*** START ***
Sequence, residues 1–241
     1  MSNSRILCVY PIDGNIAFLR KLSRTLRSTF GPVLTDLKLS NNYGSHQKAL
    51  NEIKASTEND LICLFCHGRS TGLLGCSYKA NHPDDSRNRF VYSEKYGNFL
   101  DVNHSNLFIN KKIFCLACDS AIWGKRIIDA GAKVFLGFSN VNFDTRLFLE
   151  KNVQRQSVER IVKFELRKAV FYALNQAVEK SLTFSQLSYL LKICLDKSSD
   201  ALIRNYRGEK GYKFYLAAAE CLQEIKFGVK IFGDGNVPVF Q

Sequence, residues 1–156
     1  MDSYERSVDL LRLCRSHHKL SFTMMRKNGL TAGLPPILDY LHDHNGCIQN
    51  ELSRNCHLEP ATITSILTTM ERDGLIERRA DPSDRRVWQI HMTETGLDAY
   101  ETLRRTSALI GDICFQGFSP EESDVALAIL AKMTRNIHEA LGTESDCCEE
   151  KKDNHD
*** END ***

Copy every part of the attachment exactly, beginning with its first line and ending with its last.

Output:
Sequence, residues 1–241
     1  MSNSRILCVY PIDGNIAFLR KLSRTLRSTF GPVLTDLKLS NNYGSHQKAL
    51  NEIKASTEND LICLFCHGRS TGLLGCSYKA NHPDDSRNRF VYSEKYGNFL
   101  DVNHSNLFIN KKIFCLACDS AIWGKRIIDA GAKVFLGFSN VNFDTRLFLE
   151  KNVQRQSVER IVKFELRKAV FYALNQAVEK SLTFSQLSYL LKICLDKSSD
   201  ALIRNYRGEK GYKFYLAAAE CLQEIKFGVK IFGDGNVPVF Q

Sequence, residues 1–156
     1  MDSYERSVDL LRLCRSHHKL SFTMMRKNGL TAGLPPILDY LHDHNGCIQN
    51  ELSRNCHLEP ATITSILTTM ERDGLIERRA DPSDRRVWQI HMTETGLDAY
   101  ETLRRTSALI GDICFQGFSP EESDVALAIL AKMTRNIHEA LGTESDCCEE
   151  KKDNHD